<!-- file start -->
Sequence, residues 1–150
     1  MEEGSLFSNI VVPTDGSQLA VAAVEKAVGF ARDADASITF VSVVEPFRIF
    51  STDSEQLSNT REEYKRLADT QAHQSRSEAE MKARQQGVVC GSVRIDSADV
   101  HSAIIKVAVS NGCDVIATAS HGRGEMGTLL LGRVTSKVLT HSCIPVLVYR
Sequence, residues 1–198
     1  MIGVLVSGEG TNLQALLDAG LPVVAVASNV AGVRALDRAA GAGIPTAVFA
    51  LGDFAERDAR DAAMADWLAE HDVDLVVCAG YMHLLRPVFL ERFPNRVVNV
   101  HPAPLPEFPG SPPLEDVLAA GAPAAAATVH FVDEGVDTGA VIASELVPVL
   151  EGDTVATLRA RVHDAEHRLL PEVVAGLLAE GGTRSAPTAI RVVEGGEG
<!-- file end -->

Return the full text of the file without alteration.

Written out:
Sequence, residues 1–150
     1  MEEGSLFSNI VVPTDGSQLA VAAVEKAVGF ARDADASITF VSVVEPFRIF
    51  STDSEQLSNT REEYKRLADT QAHQSRSEAE MKARQQGVVC GSVRIDSADV
   101  HSAIIKVAVS NGCDVIATAS HGRGEMGTLL LGRVTSKVLT HSCIPVLVYR
Sequence, residues 1–198
     1  MIGVLVSGEG TNLQALLDAG LPVVAVASNV AGVRALDRAA GAGIPTAVFA
    51  LGDFAERDAR DAAMADWLAE HDVDLVVCAG YMHLLRPVFL ERFPNRVVNV
   101  HPAPLPEFPG SPPLEDVLAA GAPAAAATVH FVDEGVDTGA VIASELVPVL
   151  EGDTVATLRA RVHDAEHRLL PEVVAGLLAE GGTRSAPTAI RVVEGGEG